Posted on June 15, 2004 at 2:58 pmB-
|Lowest Recommended Age:||Mature High Schooler|
|Profanity:||Brief strong language|
|Alcohol/ Drugs:||Smoking, drinking|
|Violence/ Scariness:||Tense and violent scenes|
|Date Released to Theaters:||2004|
Why would such a murky movie be called “The Clearing?”
Robert Redford plays Wayne, a very successful businessman who lives in a beautiful house with Eileen, his loving if somewhat reserved wife (Helen Mirren). When he does not show up for a dinner with friends he did not particularly want to see, at first she is annoyed and embarrassed. But then she is worried. She files a missing person report. And then she hears from the kidnappers.
Wayne has been abducted by Arnold (Willem Dafoe), who is frog-marching him to the top of a mountain, but won’t tell him why or what will happen to him.
Wayne is known for his skills at communication and negotiation. Can he use them to persuade Arnold to let him go?
At home, Eileen waits as the FBI tries to find Wayne and get him home. Her daughter and her son (Alessandro Nivola) with his wife and baby join her to wait.
And that’s about it. There are glimpses and hints of more. The adult daughter seems to be retreating, sleeping in her mother’s bed and curling into the fetal position, barely speaking. Eileen insists on celebrating her grandson’s first birthday. Why do we learn that after Wayne sold his business, his next venture failed?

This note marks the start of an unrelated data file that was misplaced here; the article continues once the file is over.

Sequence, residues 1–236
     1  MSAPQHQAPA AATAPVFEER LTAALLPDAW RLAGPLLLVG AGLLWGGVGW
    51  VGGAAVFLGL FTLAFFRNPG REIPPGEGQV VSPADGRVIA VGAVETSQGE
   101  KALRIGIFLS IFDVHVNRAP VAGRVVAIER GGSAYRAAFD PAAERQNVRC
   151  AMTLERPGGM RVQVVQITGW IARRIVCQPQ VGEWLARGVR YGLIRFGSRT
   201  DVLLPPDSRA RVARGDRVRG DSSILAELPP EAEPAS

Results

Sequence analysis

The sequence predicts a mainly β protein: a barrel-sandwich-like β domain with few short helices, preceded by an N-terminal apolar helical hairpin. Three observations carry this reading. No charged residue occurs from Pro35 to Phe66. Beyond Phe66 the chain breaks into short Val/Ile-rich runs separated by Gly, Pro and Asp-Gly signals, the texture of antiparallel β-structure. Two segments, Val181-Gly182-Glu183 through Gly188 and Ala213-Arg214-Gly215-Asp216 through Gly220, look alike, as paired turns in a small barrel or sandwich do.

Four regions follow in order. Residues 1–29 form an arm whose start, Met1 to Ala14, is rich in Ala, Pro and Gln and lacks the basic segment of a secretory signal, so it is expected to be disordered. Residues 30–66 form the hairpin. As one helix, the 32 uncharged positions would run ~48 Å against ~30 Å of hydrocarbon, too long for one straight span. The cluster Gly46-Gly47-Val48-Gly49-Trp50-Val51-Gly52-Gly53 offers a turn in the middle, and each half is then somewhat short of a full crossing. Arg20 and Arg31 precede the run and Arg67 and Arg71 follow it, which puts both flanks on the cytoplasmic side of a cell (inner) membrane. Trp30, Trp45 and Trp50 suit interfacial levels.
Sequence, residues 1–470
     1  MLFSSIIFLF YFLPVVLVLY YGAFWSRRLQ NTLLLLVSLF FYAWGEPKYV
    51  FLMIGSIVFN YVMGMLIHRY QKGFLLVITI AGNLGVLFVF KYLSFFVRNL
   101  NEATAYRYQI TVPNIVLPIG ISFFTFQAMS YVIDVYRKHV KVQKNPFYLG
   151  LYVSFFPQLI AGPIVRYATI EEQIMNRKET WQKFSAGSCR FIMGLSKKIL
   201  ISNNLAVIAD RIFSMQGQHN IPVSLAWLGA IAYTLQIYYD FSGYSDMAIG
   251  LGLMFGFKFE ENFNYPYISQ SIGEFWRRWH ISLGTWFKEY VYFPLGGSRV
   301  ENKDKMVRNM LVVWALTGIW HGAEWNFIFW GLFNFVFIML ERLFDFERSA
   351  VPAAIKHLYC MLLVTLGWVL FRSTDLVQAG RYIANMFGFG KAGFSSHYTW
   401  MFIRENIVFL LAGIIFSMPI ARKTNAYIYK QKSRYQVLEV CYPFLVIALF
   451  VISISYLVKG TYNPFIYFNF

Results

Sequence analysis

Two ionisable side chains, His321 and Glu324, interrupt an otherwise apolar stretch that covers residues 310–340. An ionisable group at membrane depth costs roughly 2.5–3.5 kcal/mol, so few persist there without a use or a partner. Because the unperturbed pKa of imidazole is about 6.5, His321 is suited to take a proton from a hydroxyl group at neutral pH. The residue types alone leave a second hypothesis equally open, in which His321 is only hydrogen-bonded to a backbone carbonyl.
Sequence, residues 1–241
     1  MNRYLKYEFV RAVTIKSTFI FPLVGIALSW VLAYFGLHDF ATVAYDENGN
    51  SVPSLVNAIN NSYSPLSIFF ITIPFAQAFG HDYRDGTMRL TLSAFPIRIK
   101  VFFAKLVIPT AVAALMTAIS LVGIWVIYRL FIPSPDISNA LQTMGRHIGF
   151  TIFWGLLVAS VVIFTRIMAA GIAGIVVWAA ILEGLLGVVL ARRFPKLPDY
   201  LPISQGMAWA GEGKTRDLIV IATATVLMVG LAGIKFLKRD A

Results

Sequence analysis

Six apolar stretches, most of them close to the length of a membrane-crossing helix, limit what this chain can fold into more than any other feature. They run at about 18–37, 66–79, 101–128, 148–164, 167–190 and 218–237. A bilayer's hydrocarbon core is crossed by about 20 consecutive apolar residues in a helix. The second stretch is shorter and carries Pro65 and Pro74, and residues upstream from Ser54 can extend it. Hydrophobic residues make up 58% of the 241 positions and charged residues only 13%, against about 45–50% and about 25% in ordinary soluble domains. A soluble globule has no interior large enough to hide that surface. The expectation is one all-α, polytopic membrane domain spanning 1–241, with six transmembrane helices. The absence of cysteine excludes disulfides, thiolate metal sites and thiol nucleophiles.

Either these were intended to provide some subtle atmosphere and complexity to a straightforward story or (more likely) they relate to plot points that may have been diminished by last-minute cuts after unsatisfactory test screenings. They are more distracting than evocative.
But Mirren’s performance almost makes it worthwhile. She is strong and vulnerable at the same time. Her Eileen is richly complex, whether trying on clothes or confronting Wayne’s mistress. She makes us feel Wayne’s ache at the thought of losing her and adds depth and resonance to the movie that makes us feel its other failures even more sharply.
Parents should know that the movie has brief strong language and some violence. Characters drink and smoke. There are sexual references, including adultery. There are very tense scenes that may be upsetting to some audience members.
Families who see this movie should talk about the choices made by Wayne and Eileen. If you had the chance to write a note like the one Wayne writes to Eileen, what would it say? (For some similar examples in movies, see The Ox-Bow Incident and The Treasure of the Sierra Madre.)
Families who enjoy this movie will also enjoy Three Days of the Condor.